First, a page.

I learned about some of the recipes in Robin Robertson’s Vegan On The Cheap by seeing them on the blog Two Vegan Boys. All of the dishes looked really tasty, so I bought the book and gave a few recipes a try. I’m not on as strict a budget as I have been at some points of my life, but I still try to keep my grocery bill to a reasonable amount, so I liked the idea of choosing recipes specifically for the low cost.
One thing that this book has going for it is that the recipes are generally hearty, comforting and filling. This is a great quality, but for someone who’s watching their portions and calorie intake, it can make recipe selection a little more complicated. Many of them are higher in carbs than I usually prefer, and I like to bulk up my plate with veggies. So, I picked recipes that worked best for me, lowered the amount of oils called for, and supplemented with veggie side dishes.
These are Mu Shu Burritos, and for a recipe with so few ingredients it was really delicious. The main seasoning is hoisin sauce, which helped with the depth of flavor. (Whole Foods has an organic house brand of vegetarian hoisin which I like.) The recipe calls for seitan but I used soy curls because I already had some in the pantry. What could be more cheap than food that’s already in the pantry? The texture of the cooked cabbage was a nice contrast to the soy curls. I served my burritos with a little chopped broccoli salad seasoned with rice vinegar and sweet chili sauce.
I served up the Three Bean Loaf with beets and roasted brussels sprouts. The loaf was held together by bread crumbs, oats and vital wheat gluten, and it actually loafed! The beans and binders were combined with carrot, celery, ketchup, soy sauce, mustard, brown sugar and cider vinegar, and the combination of sweet, savory and tangy flavors was mouth watering.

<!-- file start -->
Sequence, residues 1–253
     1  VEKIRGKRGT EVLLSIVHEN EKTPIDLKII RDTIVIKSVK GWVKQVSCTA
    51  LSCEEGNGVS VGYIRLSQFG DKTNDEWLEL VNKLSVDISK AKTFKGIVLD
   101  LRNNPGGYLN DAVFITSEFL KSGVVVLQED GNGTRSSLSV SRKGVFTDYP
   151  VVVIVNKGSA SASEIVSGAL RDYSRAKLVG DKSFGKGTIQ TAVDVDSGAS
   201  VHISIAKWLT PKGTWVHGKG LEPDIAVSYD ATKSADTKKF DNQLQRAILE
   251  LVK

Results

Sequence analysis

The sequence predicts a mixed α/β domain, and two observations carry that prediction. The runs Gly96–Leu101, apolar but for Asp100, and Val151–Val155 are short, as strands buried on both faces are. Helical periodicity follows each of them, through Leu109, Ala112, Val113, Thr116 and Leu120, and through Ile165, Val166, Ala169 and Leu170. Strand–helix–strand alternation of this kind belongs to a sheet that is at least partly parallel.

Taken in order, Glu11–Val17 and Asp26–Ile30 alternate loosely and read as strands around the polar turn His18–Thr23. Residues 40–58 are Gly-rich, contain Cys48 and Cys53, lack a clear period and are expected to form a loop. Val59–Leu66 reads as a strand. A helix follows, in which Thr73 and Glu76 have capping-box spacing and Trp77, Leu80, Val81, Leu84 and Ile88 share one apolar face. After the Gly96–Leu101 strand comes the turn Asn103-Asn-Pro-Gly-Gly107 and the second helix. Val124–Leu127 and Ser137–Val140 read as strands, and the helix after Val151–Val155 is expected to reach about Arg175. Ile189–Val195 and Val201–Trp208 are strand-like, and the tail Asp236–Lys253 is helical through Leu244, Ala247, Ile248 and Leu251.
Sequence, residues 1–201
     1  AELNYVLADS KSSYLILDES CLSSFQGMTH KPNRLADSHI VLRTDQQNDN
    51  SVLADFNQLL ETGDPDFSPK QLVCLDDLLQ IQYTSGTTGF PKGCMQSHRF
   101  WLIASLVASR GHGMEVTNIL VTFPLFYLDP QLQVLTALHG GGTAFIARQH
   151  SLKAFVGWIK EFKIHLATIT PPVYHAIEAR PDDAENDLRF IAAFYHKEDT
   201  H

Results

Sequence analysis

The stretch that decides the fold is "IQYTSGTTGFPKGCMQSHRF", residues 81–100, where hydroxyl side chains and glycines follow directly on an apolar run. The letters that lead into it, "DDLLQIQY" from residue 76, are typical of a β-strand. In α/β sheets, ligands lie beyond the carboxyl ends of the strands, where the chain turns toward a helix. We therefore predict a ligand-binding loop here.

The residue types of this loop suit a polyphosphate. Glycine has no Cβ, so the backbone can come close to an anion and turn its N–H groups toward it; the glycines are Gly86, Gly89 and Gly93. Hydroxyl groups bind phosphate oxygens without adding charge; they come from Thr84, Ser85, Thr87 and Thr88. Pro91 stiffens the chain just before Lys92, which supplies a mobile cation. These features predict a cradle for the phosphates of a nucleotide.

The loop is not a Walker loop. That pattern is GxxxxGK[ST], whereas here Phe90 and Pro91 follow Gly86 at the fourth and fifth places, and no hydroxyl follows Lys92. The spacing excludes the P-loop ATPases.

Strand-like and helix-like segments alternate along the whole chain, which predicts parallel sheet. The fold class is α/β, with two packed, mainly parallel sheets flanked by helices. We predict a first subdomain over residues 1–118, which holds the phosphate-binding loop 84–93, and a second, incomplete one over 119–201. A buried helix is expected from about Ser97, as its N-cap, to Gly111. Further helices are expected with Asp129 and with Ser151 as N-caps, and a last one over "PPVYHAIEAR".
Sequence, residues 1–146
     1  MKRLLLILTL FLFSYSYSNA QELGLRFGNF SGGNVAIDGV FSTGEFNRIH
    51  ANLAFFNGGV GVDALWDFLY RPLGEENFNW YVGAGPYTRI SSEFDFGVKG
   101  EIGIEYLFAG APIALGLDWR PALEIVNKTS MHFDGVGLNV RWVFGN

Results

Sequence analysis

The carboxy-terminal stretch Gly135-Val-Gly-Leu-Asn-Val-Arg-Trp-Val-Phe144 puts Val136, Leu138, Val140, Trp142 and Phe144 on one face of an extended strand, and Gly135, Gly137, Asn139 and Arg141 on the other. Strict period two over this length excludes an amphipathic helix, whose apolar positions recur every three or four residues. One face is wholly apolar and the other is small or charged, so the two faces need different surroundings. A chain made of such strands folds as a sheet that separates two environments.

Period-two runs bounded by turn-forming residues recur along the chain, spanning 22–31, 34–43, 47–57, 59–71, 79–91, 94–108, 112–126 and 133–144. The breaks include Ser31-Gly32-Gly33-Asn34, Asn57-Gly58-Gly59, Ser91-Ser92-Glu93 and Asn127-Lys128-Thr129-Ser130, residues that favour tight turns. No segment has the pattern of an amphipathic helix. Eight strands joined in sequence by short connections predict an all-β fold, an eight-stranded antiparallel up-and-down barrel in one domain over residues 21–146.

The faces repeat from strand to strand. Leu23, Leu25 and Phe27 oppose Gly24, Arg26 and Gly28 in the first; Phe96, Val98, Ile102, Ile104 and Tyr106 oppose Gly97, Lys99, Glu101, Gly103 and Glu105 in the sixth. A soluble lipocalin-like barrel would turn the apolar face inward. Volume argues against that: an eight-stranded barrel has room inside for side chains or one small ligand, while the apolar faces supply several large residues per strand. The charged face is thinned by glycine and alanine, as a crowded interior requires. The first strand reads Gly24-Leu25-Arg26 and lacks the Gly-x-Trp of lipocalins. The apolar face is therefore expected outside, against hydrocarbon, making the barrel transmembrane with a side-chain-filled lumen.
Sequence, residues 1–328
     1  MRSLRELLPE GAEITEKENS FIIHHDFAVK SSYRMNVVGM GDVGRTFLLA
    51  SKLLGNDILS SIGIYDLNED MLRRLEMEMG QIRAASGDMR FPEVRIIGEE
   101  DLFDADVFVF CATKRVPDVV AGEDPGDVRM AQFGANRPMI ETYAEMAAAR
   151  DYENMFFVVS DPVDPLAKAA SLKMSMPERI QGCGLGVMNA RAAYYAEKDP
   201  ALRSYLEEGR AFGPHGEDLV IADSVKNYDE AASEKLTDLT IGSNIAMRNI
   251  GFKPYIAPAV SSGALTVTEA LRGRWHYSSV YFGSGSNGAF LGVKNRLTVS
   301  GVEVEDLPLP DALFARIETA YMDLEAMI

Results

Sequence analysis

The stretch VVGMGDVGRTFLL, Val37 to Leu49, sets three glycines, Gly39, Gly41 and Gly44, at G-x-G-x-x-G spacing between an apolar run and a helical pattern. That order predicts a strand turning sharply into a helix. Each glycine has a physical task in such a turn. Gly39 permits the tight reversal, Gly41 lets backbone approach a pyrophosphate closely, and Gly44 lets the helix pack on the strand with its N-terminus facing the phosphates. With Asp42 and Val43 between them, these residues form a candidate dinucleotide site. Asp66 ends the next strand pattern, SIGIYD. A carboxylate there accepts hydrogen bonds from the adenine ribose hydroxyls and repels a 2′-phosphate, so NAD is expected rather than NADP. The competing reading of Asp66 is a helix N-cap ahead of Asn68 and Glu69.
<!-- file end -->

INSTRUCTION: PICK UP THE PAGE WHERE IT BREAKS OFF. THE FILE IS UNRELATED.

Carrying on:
The Peanutty Pumpkin Stew was a meal unto itself. The broth was thickened with canned pumpkin and peanut butter, and other ingredients included carrot, potato, tomato, curry powder, kidney beans and green chiles. I added a pinch of cayenne powder for a little bit of heat. The thick/chunky texture may not be pleasing to some, but it really worked for me. Most of the ingredients could be already found in your pantry and vegetable crisper. To get some green in my meal, I steamed some kale and mixed it into the soup.
This Blushing Alfredo Fettuccine was the perfect way to use up a partial jar of marinara that was lingering in the fridge. The sauce includes your typical vegan alfredo ingredients such as cashews, silken tofu and nutritional yeast, but you pump up the flavor even more by starting with sauteed onions and garlic. I served the sauce over shirataki noodles, which are tofu based, very low-cal noodles. They’re not amazing, but I do like to use them instead of pasta sometimes so that I can have a big dish of food without lots of calories. I topped the noodles and sauce with roasted cauliflower, baked tempeh and fresh parsley.
I really enjoyed every recipe I’ve tried from Vegan On The Cheap so far. The recipes and techniques are solid, the flavor combinations are familiar yet tempting, and the recipes live up to the book title’s promise by costing less at the grocery store, and using up some pantry items if you plan well.